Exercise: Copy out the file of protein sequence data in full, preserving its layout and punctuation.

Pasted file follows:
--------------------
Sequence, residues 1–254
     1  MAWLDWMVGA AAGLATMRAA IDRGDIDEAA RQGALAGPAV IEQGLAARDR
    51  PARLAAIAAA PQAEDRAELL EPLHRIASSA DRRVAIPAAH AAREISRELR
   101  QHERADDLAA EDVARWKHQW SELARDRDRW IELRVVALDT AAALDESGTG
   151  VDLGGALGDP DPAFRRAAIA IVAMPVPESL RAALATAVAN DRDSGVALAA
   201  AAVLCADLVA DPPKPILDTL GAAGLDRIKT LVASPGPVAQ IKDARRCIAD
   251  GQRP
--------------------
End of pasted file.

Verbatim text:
Sequence, residues 1–254
     1  MAWLDWMVGA AAGLATMRAA IDRGDIDEAA RQGALAGPAV IEQGLAARDR
    51  PARLAAIAAA PQAEDRAELL EPLHRIASSA DRRVAIPAAH AAREISRELR
   101  QHERADDLAA EDVARWKHQW SELARDRDRW IELRVVALDT AAALDESGTG
   151  VDLGGALGDP DPAFRRAAIA IVAMPVPESL RAALATAVAN DRDSGVALAA
   201  AAVLCADLVA DPPKPILDTL GAAGLDRIKT LVASPGPVAQ IKDARRCIAD
   251  GQRP